Also, no one is "negotiat[ing] . . . wishes." Ultimately, it's a matter of whether your uncle has a legally valid basis for contesting the will and evidence to support his legal claim. If he doesn't, then there'd be no real point to a mediation because mediations are only fruitful if both sides feel they have something to lose by not settling. If the executor's attorney advises the executor that the uncle's claim is a clear loser, then the only thing to think about is the cost of going to trial.

    No. I obviously haven't read the will, but I assume that only a person or persons who file an unsuccessful will contest run that risk.
     
  3. Pamela Nation

    Pamela Nation Law Topic Starter New Member

    Messages:
    8
    Likes Received:
    0
    Trophy Points:
    1
    January 19, 2021 (not quite a couple months yet)

    Yes it was submitted and our first court date was last week. My grandmother named my step-father to be the executor, and I was under the impression that the executor would be confirmed last week but we never even saw the judge as my uncle (who is contesting the will) decided he wanted to meet with my mother and my step-father before deciding to officially contest the will. Nothing really got solved in that meeting and later that day an "OBJECTION TO ENTRY OF LAST WILL & TESTAMENT OF DECEDENT" was filed with the court, so I'm assuming he officially contested.

    Not sure, but somewhere around $230,000 all assets included.

    He is saying my grandmother was manipulated by my mother (his sister). I cannot think of any evidence he has, as he was not close with my grandmother. I'm afraid he will make up lies to support his position.

    This actually helps me understand, thank you! Since the executor has not officially been named yet, that person has not yet secured their own attorney. And I am glad to know that all beneficiaries would need to be involved in any settlements.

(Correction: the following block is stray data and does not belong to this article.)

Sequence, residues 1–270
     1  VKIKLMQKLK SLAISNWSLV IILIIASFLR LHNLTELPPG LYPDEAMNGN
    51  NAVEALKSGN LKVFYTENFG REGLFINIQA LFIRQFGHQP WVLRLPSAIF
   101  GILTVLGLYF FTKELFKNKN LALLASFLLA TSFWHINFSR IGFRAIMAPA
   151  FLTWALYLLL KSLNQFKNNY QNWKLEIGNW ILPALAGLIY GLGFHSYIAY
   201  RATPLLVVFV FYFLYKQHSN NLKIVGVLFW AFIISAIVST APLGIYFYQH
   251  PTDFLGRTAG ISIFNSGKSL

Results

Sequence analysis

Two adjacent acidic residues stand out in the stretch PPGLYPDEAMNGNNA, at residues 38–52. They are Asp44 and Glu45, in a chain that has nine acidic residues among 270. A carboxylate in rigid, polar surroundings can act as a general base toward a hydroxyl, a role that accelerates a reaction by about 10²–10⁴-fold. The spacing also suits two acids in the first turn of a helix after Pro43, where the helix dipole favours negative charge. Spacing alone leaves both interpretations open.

Knowing my grandmother very well, she was 100% coherent and of sound mind up until the day she died, and I am also 100% sure he has no credible and honest evidence. I guess my question is who are the "sides" in this matter, because I was under the impression nobody really has the authority to change my grandmother's will besides a court of law, so who would be the "sides" (but I think you answered that question above when you said all beneficiaries would have to be involved).

    Thank you so much for the reply, this really did help!
     
  4. zddoodah

    zddoodah Well-Known Member

    Messages:
    4,419
    Likes Received:
    1,160
    Trophy Points:
    113

    Ok...this is probably the most common basis for a will contest, but it's also incredibly difficult to prove. All will contests are difficult because you're trying to undue what appears to be the stated intent of a now-dead person who can't testify. You've told us that your grandmother's will favors one of her three child branches. That's a bummer for the others, but it is not, by itself, sufficient to prove a will contest. I'm not in Oklahoma, so I don't know exactly what's needed, but simply making stuff up isn't going to do the trick.

    If your stepfather wants to serve as executor, then he really needs to engage legal counsel because this is not a DIY project. Given that your grandmother's attorney will likely be a witness, he would not be an appropriate person to represent the executor.
     
  5. Tax Counsel

    Tax Counsel Well-Known Member

    Messages:
    1,399
    Likes Received:
    760
    Trophy Points:
    113

    Presumably the amount of the estate that the child contesting the will is to receive.

    Your understanding is not correct. The executor has the obligation to carry out the provisions of the will, assuming the will is valid. When there is uncertainty as to whether the will is valid, the parties (the estate and the person contesting the will) are free to settle that uncertainty just as parties to any other civil dispute are free to do.